• Scarleteen, an inclusive, comprehensive sex education resource predominantly targeted towards young adults
  • The Kinsey Institute, which provides free access to a number of research articles in the area of human sexuality
  • PassionU and KinkAcademy, which are websites that host sexually explicit, educational videos about sexual technique and kinky play.

As you find yourself ready to step away from online communities, perhaps the next step is to try to attend a sexuality presentation and/or workshop of some kind.  Unfortunately, the difficulty of this may be dependent upon where you live, but if you are able, this environment will be a great introduction to social environments where sexuality is discussed.  Audience participation tends to vary depending on the workshop and educator, so I’d recommend doing a little research on the specific events so that you may gauge your desired participation level.  Furthermore, depending on your comfort level, you may want to attend sexuality conferences, which occur across the country and are a great way for people interested in human sexuality to learn and connect with one another.  Check out The CSPH blog posts on upcoming conferences for a peek at what’s out there.

Aside from workshops and conferences, you may also want to turn to the friends you already have.  Depending on your comfort level, you may want to start by choosing one friend and as you become acclimated to sexual discussions, open up to more friends.  On the flipside, you may want to initiate such conversations with a group first, which poses the possibility of creating greater intimacy in your friend group and is frankly less of a drawn out process.  Furthermore, as I state in my Q&A: Discussing Masturbation with Roommates, there is no single right way to jump into talking about sex.  While some prefer being blunt, others may choose to subtly move in the direction of sex and sexuality by bringing up crushes and hook-ups to gauge peoples’ comfort with discussing sex.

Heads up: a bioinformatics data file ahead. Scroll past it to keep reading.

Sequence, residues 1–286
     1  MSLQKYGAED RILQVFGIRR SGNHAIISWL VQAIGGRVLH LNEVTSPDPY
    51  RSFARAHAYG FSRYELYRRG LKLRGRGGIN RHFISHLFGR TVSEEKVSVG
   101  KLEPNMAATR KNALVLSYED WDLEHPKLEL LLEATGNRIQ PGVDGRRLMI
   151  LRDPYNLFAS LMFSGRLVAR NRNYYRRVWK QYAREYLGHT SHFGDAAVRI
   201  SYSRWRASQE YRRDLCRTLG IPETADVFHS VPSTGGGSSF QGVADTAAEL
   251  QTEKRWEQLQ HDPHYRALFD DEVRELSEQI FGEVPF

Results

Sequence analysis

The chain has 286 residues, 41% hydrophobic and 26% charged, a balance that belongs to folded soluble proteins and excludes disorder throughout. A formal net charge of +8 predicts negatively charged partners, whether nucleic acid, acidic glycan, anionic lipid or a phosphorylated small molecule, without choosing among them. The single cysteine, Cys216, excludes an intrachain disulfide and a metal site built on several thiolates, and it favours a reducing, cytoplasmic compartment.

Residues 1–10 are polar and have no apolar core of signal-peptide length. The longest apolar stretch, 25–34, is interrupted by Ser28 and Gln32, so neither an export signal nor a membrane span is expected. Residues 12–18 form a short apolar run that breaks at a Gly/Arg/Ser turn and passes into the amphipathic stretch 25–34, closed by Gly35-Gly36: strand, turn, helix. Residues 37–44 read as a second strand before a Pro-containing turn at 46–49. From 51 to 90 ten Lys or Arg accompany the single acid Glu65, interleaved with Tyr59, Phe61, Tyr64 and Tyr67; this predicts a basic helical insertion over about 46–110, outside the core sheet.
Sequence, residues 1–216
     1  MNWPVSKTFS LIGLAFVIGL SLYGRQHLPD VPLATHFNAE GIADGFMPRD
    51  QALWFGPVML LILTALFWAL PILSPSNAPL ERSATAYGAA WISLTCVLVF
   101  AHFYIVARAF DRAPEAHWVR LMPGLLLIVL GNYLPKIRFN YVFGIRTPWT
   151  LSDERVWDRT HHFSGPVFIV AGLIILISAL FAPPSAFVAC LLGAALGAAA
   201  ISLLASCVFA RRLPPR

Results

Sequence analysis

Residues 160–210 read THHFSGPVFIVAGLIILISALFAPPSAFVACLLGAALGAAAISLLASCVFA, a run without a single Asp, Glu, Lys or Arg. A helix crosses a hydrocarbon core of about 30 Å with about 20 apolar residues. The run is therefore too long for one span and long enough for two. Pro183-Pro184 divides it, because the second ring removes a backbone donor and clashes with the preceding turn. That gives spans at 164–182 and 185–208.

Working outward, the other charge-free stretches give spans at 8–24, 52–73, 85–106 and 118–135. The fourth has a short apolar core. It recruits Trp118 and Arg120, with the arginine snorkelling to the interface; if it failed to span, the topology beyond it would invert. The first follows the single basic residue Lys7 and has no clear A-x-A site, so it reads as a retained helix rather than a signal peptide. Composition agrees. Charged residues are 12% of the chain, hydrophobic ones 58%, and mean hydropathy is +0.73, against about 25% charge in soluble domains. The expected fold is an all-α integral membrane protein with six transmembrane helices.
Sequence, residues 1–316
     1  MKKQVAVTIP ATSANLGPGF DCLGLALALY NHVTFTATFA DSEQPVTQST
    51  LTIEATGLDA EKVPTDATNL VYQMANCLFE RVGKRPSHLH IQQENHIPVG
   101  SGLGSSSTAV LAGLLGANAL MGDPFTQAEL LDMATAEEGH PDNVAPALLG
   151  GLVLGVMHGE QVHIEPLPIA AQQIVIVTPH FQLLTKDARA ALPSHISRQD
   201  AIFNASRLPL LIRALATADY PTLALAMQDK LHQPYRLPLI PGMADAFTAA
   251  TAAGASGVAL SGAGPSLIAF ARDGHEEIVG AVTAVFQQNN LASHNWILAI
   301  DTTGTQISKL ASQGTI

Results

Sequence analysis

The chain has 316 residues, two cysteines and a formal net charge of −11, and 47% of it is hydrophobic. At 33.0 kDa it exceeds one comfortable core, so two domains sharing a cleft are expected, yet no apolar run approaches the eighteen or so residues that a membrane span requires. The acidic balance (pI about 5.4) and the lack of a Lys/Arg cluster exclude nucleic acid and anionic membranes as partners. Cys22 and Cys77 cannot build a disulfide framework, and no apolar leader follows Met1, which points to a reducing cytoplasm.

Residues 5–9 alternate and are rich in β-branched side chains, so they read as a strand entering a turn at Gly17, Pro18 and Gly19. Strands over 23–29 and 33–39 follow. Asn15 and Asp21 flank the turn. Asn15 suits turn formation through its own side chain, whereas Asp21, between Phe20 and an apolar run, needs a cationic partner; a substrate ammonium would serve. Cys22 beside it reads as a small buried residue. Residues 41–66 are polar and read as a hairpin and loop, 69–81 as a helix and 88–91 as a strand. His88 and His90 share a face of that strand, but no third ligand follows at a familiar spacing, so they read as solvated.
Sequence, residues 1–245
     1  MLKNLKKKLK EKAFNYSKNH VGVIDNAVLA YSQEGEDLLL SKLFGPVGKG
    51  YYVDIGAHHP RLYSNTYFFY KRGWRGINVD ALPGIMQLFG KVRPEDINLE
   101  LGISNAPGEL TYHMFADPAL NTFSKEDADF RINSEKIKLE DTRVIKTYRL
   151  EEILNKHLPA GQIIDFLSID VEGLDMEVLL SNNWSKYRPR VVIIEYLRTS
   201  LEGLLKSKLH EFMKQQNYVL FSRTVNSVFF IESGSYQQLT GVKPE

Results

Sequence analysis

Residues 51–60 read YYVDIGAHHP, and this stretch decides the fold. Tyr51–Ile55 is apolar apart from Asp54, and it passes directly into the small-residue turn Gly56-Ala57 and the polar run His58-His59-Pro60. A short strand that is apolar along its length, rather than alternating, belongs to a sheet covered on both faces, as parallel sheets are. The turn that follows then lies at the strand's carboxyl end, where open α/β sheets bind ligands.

Finally, it’s important to remember that while not all spaces are sex positive, it’s still possible to talk about sex positive ideals in ways that are comfortable and welcoming.  To be specific, certainly not all spaces are suitable for sexually explicit conversations, as not all people are agreeable or otherwise at ease with topics that are more blatantly within the realm of human sexuality (namely, pleasure, sex toys, masturbation, etc.)  Still, the subject of human sexuality encompasses many issues, including but not limited to body image, age, disability, race and ethnicity, formative experiences, education, communication, and consent and boundaries.  These conversations are in fact integral to understanding sexuality as a whole, and you can express your sex positivity with these topics by challenging yourself and by being open to discussion and accepting of others (and of yourself!)  For example, when talking about body image, you can be sex positive by being body positive and celebrating all bodies, not just those deemed attractive by mainstream media.

All in all, I ask that you work at your own pace and comfort.  Try not to be hard on yourself should you find yourself anxious or the process arduous.  We all start somewhere, after all.

* A note about Reddit: The CSPH is aware of the controversy surrounding the propensity of Reddit administrators and moderators to condone the circulation of material that is contrary to The CSPH’s mission and ideals.  While this is a wholly legitimate reason to not get involved with the website at large, I do feel that certain “subreddits,” such as the one I noted, may be educational and otherwise valuable towards those seeking community.